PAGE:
A Native Faith: Richard Twiss Shapes Portland's Youth and Beyond
As Twiss has shifted his ministry locally in recent years, it is clear that it takes time to earn a place where one's voice is heard.
For Twiss, it took significantly reducing his travel and speaking schedule to invest in Portland's Native community, which he says numbers 38,000.
"Richard expressed a genuine desire to connect with the local Native American community and serve as a connector between individuals and organizations with interests in education, community development, service work, and all around wellness in our community," said Donita S. Fry, Portland Youth and Elders Council Organizer within Portland's Native American Youth and Family Center.
As part of his local work, Twiss is a board member of the NAYA Family Center and participates in the Portland Indian Leaders Roundtable, a group of executive directors or senior staff from the 28 Indian organizations located in Portland.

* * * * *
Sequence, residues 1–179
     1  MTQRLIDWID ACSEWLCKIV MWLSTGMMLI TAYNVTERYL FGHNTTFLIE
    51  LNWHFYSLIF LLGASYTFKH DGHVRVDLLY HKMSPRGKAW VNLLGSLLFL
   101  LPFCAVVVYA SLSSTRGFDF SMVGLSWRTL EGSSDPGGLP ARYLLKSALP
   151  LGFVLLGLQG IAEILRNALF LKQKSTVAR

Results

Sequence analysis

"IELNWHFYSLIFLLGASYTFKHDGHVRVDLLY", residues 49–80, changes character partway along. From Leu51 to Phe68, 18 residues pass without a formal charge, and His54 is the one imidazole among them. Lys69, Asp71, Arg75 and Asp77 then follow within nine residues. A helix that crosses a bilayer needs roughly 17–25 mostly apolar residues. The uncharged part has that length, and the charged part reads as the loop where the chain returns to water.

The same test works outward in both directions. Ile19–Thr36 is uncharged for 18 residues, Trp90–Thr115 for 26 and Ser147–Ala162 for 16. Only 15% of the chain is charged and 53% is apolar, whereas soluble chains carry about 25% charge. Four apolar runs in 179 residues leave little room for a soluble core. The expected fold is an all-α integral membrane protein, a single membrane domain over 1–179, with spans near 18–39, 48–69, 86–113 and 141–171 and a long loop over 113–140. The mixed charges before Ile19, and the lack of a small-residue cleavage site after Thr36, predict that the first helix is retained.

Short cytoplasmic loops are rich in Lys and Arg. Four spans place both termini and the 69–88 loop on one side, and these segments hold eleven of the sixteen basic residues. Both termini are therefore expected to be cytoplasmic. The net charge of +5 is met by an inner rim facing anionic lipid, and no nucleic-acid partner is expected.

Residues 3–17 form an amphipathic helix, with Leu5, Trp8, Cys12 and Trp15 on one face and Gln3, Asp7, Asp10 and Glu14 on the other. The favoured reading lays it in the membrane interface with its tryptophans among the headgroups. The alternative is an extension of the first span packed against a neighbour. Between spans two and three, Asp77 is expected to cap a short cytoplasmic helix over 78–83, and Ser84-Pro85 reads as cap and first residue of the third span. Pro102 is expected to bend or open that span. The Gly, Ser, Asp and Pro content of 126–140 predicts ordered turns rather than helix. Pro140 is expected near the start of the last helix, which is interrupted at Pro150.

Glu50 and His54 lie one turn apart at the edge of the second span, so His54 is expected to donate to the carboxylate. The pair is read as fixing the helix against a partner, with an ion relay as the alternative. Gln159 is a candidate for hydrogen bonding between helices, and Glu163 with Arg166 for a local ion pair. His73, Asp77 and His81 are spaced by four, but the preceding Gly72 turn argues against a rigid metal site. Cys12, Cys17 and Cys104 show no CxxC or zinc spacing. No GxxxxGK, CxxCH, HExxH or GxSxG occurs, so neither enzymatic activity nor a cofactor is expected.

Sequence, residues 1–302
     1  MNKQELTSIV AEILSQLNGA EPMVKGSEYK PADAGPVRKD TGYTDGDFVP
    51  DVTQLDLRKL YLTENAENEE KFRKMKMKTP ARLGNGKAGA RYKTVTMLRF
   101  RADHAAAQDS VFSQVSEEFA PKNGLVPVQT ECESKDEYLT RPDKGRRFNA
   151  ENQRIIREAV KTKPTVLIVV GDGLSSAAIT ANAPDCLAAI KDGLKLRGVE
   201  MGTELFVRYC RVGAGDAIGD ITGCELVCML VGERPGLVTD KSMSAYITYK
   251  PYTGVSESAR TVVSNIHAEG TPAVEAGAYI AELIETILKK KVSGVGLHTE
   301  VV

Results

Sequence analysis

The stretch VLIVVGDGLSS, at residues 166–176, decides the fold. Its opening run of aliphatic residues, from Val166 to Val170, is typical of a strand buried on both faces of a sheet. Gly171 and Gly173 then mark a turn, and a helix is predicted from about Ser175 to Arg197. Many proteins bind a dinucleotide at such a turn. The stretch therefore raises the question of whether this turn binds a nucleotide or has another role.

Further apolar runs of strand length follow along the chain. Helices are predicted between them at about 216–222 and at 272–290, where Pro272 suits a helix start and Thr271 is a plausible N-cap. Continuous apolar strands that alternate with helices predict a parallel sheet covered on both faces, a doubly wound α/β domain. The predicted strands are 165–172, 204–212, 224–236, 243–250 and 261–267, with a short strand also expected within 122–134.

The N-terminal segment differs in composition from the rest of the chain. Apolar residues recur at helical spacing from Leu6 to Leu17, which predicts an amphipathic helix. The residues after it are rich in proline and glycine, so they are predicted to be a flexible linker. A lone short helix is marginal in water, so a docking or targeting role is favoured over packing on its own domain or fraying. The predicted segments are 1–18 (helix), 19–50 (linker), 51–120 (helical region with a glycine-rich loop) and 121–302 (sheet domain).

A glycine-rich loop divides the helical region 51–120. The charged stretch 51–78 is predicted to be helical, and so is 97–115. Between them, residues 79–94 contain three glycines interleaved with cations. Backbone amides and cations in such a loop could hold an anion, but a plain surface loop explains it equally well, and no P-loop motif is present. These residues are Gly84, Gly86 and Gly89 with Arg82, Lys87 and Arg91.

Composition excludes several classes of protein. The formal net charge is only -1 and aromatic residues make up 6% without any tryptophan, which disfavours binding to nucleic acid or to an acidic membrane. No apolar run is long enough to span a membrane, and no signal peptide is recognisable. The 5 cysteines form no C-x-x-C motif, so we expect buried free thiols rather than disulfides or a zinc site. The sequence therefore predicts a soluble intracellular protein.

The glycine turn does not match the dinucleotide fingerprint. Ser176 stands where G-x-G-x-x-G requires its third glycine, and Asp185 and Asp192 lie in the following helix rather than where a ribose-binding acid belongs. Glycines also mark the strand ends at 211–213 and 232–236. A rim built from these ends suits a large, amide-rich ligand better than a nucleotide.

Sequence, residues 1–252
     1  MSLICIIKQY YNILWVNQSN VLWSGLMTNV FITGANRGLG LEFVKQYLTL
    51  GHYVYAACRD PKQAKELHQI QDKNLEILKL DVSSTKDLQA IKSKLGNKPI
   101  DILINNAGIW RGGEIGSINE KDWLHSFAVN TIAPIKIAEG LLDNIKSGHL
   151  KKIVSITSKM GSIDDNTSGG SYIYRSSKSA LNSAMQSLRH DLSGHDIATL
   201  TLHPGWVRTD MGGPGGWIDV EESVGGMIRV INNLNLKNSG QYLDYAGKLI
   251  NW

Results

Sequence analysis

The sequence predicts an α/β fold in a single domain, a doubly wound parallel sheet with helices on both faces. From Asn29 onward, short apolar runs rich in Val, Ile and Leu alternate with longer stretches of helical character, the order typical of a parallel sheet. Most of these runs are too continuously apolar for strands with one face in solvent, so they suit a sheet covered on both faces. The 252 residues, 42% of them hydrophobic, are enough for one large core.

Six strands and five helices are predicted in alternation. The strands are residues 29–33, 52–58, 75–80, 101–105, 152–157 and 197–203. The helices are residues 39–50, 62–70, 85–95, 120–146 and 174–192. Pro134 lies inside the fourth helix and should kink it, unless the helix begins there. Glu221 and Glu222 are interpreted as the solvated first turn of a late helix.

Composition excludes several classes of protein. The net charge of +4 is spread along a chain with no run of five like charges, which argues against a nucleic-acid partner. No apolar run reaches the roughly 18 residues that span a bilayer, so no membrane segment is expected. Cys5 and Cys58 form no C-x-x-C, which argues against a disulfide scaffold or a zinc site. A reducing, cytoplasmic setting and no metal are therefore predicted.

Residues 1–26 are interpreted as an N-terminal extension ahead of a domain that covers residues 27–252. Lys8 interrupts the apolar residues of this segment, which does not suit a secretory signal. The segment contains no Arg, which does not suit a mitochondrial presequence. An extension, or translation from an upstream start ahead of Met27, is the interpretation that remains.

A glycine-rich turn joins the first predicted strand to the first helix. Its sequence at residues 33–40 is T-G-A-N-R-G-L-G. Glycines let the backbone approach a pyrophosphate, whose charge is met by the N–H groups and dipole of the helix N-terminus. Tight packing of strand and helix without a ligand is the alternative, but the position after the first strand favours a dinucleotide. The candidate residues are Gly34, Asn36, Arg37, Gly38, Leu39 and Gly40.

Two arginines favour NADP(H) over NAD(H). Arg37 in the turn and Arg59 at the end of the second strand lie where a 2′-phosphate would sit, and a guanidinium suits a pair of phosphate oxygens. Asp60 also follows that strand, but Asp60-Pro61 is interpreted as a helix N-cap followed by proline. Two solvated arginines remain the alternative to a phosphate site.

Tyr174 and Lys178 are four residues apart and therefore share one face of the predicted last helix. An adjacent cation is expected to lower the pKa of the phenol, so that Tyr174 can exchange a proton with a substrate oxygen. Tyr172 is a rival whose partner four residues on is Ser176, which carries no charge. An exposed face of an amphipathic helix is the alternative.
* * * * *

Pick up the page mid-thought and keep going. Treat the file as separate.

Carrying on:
He's presented an indigenous worldview framework for neighborhood planning for the mayoral staff of Portland, and regularly speaks at local higher education institutions both secular and Christian. He will also be speaking at the upcoming Justice Conference being held in Portland next week.
"The Portland-Vancouver area doesn't realize what a rich gift this transition is for them," said Woodley.
Twiss seeks to live out his Christian faith without compromising the protocols of his culture, and emboldens others to do the same.
"Along with many friends, we're helping to inspire a cultural revitalization within a redemptive biblical framework," says Twiss. "For the first time Native people could love themselves as Native people, whereas in the past the message was 'God loves you, but He doesn't like you. No more drumming music, no more powwows, no more ceremonial traditions of our culture.'"